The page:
For those who didn’t live through it, it’s hard to understate the impact that Beverly Hills, 90210 had on the cultural landscape. It was one of the first shows to be considered “appointment TV” - miss it, and you had no idea what everyone was talking about the next day (and wouldn’t find out unless you were lucky enough to catch a rerun). It’s also one of the first shows I remember that had actual watch parties…even in the summer. There had already been a mix of sitcoms and made-for-tv movies that centered around teen characters - the ‘80s had been particularly obsessed with teen culture - but 90210 was the first show that was primarily centered around the lives of teens and “serious teen issues.” As Degrassi, The Next Generation would later coin…it went there. Even looking back now, I’m impressed with the gamut of topics that 90210 tackled…racism, date rape, eating disorders, gun control, STDs, teen pregnancy…even a Halloween episode about rape culture still mostly holds up. You name it, there was probably an episode on it. It was enough to seriously freak some parents out…they didn’t want to talk to their kids about sex and drugs, but a TV show comes along that wants to and they’re all “YOU BETTER NOT!” Even my own mom made a point to sit down with me after I watched 90210 to discuss whatever the hot topic was featured that week, which was super embarrassing (for her…I was like, COOL OUT, MOM, I CAN TOTALLY TELL THAT YOU’RE ONLY DOING THIS BECAUSE YOU READ ABOUT HOW YOU SHOULD IN YOUR LADIES HOME JOURNAL, I’M NOT TALKING TO YOU ABOUT ANY OF THIS AND YOU CAN’T MAKE ME.

Honestly living for this promo still right now. Shannon Dougherty may have been a total betch back in the day, but that girl could serve a ‘90s Mod LOOK.

Honestly living for this promo still right now. Shannon Dougherty may have been a total betch back in the day, but that girl could serve a ‘90s Mod LOOK.

But also, it was just fun. To me, Beverly Hills, 90210, is sunshine, blue skies, and palm trees; airy California houses with sandstone-colored walls in nice, quiet neighborhoods; the Louis Vuitton Chantilly purse; “All For Love” by Bryan Adams, Sting, and Rod Stewart; dreaming about moving out to sunny LA, buying a convertible, and working on movies like The Three Musketeers; wearing bodysuits with Guess jeans and mod headbands; going to bright, sprawling malls with sky lights; going to see Robin Hood: Prince of Thieves in the movie theater, crushing over Christian Slater, and spending a week of summer vacation waking up early just to sit in front of Vh1 all day and wait for them to play the music video for Bryan Adam’s “Everything I Do, I Do It For You”; dreaming about moving to the sunny South of France and buying a castle with Bryan Adams while he sings that song to you every night before you go to sleep; sporting L.A. Gear high tops, scrunchy white socks, polka-dot cotton bike shorts, and (shamefully) Hyper-Color t-shirts; smelling like Neutrogena, Sun-In, and Love’s Baby Soft (or Exclamation, if you wanted people to think you were experienced); and having endless, heated debates with your friends over who you wanted to be your boyfriend - Brandon or Dylan.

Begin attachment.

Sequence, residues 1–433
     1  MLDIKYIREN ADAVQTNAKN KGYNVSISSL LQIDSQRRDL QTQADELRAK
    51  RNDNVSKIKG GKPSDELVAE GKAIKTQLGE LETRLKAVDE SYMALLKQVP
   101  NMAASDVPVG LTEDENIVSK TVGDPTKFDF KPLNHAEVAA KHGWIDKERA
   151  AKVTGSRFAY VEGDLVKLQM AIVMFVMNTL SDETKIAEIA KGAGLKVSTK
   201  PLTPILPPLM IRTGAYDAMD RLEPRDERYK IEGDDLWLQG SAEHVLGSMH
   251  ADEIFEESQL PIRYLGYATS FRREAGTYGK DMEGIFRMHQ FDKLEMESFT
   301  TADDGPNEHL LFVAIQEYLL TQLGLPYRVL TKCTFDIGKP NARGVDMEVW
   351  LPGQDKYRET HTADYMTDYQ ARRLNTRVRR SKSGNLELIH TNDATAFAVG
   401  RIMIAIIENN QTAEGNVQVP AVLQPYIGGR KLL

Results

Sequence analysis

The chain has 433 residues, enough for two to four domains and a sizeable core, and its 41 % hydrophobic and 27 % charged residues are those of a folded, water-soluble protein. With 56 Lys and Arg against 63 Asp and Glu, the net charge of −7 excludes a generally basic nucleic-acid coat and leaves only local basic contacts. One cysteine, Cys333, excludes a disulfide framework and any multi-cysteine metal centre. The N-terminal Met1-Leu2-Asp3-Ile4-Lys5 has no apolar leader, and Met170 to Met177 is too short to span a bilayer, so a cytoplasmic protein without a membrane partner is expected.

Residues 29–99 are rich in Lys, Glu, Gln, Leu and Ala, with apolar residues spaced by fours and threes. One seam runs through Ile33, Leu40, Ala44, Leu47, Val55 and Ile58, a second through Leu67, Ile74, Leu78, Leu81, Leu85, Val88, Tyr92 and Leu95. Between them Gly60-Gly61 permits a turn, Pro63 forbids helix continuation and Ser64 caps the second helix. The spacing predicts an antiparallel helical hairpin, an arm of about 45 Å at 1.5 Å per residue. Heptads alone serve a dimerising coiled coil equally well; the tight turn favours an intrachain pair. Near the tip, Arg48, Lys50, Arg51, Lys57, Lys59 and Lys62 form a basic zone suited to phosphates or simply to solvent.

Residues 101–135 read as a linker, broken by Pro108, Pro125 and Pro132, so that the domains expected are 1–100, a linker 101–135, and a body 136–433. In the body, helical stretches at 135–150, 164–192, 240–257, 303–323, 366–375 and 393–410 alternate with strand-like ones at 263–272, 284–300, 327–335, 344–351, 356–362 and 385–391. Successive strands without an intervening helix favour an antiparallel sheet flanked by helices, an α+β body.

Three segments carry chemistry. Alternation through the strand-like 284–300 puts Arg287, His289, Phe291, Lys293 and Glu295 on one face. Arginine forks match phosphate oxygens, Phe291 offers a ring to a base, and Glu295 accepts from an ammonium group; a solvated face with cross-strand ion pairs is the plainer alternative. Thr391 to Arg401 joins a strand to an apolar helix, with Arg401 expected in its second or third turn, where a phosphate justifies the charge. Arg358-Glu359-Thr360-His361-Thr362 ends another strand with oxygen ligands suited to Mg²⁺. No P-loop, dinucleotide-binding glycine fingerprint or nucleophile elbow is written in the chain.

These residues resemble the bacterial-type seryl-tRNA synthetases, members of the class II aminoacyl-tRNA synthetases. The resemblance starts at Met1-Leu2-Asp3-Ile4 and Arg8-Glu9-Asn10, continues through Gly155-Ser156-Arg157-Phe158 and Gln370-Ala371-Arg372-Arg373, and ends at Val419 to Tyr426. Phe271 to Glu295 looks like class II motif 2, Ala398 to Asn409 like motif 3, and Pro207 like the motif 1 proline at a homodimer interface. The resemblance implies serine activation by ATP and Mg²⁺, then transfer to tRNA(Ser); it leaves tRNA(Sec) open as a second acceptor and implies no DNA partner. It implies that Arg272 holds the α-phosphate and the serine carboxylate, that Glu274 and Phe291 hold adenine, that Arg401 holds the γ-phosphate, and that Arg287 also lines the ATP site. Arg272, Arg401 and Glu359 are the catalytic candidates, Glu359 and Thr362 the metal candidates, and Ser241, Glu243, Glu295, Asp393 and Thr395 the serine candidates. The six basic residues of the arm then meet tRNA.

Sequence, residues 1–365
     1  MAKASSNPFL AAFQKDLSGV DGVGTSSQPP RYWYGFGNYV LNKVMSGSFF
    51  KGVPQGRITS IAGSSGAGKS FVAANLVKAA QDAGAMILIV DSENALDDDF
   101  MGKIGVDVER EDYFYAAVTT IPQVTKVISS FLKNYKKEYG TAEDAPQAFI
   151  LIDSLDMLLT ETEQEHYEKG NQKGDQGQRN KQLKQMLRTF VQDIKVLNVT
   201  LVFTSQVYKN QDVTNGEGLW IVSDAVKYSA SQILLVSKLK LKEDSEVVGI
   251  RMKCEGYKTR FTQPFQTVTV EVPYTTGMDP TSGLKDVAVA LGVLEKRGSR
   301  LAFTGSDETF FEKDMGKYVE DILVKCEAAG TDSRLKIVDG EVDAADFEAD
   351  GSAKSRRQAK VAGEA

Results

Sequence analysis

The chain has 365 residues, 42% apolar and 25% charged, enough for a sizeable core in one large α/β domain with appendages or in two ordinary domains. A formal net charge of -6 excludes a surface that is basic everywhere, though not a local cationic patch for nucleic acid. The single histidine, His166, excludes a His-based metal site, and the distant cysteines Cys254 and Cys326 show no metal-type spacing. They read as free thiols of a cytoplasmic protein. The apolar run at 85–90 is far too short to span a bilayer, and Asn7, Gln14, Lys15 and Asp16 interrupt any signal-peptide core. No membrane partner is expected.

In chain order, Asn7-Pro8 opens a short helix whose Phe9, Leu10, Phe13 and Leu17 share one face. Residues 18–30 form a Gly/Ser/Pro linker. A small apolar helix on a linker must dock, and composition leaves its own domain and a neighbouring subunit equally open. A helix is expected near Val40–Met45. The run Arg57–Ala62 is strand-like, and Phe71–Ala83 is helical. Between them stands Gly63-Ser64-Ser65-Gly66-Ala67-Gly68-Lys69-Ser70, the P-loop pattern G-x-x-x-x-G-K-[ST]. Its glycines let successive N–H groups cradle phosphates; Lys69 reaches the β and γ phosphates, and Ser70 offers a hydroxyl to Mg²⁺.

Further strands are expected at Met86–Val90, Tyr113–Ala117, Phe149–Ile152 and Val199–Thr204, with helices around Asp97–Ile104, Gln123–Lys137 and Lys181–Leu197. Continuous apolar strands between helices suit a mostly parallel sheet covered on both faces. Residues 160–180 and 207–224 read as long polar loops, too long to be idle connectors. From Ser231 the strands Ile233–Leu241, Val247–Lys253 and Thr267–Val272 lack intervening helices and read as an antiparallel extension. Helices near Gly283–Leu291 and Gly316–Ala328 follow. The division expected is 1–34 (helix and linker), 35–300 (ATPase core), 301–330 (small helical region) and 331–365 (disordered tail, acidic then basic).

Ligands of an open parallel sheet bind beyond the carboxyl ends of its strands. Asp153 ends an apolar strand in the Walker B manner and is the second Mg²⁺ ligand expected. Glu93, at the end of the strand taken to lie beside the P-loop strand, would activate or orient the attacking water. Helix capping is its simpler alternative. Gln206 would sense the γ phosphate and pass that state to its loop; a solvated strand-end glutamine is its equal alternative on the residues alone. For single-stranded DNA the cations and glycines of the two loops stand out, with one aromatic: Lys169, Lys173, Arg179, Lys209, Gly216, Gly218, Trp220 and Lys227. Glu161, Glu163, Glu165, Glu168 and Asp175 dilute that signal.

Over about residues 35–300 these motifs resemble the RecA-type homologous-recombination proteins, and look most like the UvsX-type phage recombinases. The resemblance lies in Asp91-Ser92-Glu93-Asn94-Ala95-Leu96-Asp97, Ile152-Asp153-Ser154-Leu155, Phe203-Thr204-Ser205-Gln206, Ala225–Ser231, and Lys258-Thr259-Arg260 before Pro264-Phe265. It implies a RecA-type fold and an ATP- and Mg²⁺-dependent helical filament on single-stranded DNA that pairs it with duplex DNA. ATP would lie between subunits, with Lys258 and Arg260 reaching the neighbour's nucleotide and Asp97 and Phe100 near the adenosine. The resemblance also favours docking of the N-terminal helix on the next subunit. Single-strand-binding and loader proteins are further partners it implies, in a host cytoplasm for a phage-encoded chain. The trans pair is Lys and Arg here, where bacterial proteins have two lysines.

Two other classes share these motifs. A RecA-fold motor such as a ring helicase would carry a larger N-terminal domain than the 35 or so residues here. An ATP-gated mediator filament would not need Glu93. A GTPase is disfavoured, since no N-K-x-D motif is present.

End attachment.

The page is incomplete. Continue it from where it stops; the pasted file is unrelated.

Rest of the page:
How do you choooooooooooose

How do you choooooooooooose

Almost 30 years later, I still don’t know how I most want to be my boyfriend! I think of Brandon’s baby blues and his kind ways and his inherent desire to always do the right thing and I’m like, “I’M OBVIOUSLY TEAM BRANDON.” But then I think about Dylan’s smoldering gaze, those James Dean sideburns, his roaring motorcycle, that Poor Little Rich Kid’s heart of gold and the way HE READ POETRY FOR FUNSIES and I’m like, “I’M OBVIOUSLY TEAM DYLAN.” BOTH of them were incredibly respectful to the women around them, to the point where one of the scenes that stands out most in my mind was when Brenda learns that Dylan is going on dates with Emily Valentine, so she confronts him on the West Beverly lawn and then blurts out that Emily’s on the pill (basically insinuating that Emily’s a slut, because Brenda was legitimately THE WOOOORST). Dylan sternly replies that Brenda lost all right to question him about his sex life when she decided she didn’t want to be a part of it, and ladies and gentleman, when my 12 yr old self watched that, I was SHEWK. It was such a cutting, yet totally mature response! And it stemmed from him respecting Emily Valentine’s privacy! What 17 yr old boy approached sex like that?!